HEURICH HOUSE FOUNDATION "The Brewmaster's Castle"
1307 New Hampshire Ave., NW
The Heurich Mansion was built in 1982-1894 by a German immigrant and local brewer, Christian Heurich, at the beginning of Dupont Circle’s golden area as the city’s premier residential neighborhood. Nicknamed “The Brewmaster's Castle” while Heurich lived there, it was also the city’s first fireproof home, having been built of reinforced steel and poured concrete, a novel construction technique at the time. The top of the tower features a salamander, in mythology, a creature that guards against fire. The home is also noted for incorporating the most modern technology of the day, including full indoor plumbing, circulating hot water heat, a central vacuum system, venting skylight, elevator, and gasoliers (combination gas and electric fixtures). It is also replete with hand-carved wood throughout and retains many of the original furnishings from the Heurich family residency, making it one of the most intact late Victorian homes in the country. This status earned it its designation as a Category II Landmark on the National Register of Historic Places.
Heurich lived in his home until his death in 1945 at the age of 102. Continuing to actively manage his brewery business, he was renowned as the word’s oldest brewer, was Washington's second largest landowner (after the federal government), and was regarded as the patriarch of the Washington business community. In October 1872, Heurich and a partner took over a brewery located a block and a half south of the home at 1229 20th Street, NW; in August 1873, Heurich bought his partner’s interest and established his own brewery. In 1894-1895, after quickly becoming the biggest and most successful brewer in the nation’s capital, Heurich built his largest brewery on a city block in the Foggy Bottom neighborhood, which is now the site of the John F. Kennedy Center for the Performing Arts. Also built of poured concrete and reinforced steel, it was the first fireproof brewery in the United States.
Heurich’s son, Christian, Jr., headed the firm from his father’s death until industry concentration forced its closure in 1956. In 1961-62, after having served for five years as home to Washington’s Arena Stage theatre group and the Washington Wax Museum, the buildings were razed, and Heurich, Jr., and his two sisters donated a portion of the brewery site to the Kennedy Center in memory of their parents. Heurich’s widow donated the family home to the Columbia Historical Society, now The Historical Society of Washington, D.C., upon her death in 1956. Founded in 1894 to collect, preserve, and teach the history of the nation’s capital, the Heurich Mansion was the Society’s first permanent headquarters.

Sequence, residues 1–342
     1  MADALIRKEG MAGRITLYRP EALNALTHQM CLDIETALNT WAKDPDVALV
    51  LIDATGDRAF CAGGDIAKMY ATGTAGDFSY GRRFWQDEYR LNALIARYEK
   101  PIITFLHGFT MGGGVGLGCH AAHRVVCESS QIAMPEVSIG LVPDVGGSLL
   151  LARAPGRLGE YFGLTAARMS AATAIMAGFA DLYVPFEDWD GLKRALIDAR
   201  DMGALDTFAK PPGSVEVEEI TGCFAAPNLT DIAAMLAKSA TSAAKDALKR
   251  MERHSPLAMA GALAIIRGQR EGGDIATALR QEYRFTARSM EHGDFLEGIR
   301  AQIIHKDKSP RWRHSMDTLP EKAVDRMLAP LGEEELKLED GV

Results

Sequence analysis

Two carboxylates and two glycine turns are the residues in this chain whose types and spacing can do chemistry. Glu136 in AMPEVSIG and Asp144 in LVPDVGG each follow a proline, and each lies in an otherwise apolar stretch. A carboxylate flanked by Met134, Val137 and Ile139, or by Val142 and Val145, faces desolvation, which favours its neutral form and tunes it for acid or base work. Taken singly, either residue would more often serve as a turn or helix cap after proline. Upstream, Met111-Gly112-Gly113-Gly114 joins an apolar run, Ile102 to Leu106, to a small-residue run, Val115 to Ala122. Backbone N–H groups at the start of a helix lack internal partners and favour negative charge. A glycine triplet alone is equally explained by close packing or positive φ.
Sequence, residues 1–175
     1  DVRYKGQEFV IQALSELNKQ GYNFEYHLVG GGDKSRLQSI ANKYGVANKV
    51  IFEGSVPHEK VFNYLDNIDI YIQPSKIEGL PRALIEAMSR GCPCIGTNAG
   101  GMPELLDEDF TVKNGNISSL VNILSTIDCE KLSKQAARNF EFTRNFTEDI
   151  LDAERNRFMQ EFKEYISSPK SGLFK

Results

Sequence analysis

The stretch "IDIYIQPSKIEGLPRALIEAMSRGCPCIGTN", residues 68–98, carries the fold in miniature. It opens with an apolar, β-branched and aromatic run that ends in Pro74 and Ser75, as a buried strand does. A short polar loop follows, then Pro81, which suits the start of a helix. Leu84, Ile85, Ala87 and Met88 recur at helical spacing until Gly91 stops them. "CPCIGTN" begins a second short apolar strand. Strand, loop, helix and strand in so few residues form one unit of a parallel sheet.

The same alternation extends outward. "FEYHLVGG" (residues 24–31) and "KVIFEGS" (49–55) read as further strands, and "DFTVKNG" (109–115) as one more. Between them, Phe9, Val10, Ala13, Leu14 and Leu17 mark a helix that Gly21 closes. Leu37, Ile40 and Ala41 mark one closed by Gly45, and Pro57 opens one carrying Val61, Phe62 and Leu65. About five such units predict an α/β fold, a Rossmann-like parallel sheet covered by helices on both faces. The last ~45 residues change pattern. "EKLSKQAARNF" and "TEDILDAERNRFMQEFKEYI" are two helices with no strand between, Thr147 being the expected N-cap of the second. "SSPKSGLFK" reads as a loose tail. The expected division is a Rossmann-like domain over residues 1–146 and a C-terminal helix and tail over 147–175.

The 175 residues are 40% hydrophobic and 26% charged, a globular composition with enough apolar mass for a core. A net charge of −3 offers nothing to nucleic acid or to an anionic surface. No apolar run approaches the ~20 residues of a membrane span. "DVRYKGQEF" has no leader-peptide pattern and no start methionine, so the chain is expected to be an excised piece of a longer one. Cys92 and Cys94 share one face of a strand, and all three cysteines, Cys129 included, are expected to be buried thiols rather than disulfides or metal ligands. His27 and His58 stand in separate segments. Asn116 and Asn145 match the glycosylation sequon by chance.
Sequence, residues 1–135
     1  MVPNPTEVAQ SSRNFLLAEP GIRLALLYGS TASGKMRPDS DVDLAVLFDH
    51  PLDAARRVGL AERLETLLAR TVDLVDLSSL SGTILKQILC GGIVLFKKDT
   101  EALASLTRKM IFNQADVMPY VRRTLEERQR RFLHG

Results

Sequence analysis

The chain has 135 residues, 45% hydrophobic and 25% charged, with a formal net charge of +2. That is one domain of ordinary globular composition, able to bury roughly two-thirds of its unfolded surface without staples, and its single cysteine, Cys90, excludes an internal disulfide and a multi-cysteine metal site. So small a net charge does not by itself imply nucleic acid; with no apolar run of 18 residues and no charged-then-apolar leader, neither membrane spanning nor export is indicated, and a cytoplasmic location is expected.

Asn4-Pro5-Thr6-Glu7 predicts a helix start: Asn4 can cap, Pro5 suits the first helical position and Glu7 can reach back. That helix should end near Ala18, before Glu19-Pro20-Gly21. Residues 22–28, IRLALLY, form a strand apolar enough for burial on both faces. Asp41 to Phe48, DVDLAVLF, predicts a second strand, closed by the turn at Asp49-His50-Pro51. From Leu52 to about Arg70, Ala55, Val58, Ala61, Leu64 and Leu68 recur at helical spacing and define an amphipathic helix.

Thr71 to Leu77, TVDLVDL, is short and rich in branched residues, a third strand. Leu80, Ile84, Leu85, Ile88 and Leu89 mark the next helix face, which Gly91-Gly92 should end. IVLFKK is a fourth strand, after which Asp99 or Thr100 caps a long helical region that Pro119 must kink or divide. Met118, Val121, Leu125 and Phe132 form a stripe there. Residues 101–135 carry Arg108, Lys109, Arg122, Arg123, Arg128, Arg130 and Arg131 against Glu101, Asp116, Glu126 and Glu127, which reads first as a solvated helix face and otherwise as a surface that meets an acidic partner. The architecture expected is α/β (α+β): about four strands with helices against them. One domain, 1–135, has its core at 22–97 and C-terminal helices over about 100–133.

Embracing the nickname “The Brewmasters Castle”, the museum re-opened for public tours on September 24, 2003, and currently offers tours every Wednesday at 12:15 and 1:15, with the goal eventually to be open to the public more than half of each year. The Victorian garden has remained open during the weekdays from 10:00 to 3:00 (spring to fall) as a unique respite from the downtown bustle, and the museum is available for private tours and special event rental (Info@HeurichHouse.org). The Foundation also has unique office space for lease in the historic landmark.
The Brewmaster's Castle is located at 1307 New Hampshire Ave., NW, Washington, D.C. 20036, at the corner of 20th Street and New Hampshire Ave and one block west of Dupont Metro South, and may be found on the Internet at www.HeurichHouse.org. Phone: 202-429-1894. Fax: 202463-1307. Gary F. Heurich, Chairman and President (GFHeurich@HeurichHouse.org), and a 4th-generation Washingtonian, is president of “The Old Heurich Brewing Company”, which he founded in 1986, and which is the oldest craft brewing company in the mid-Atlantic and brewer of Foggy Bottom Ale and Lager.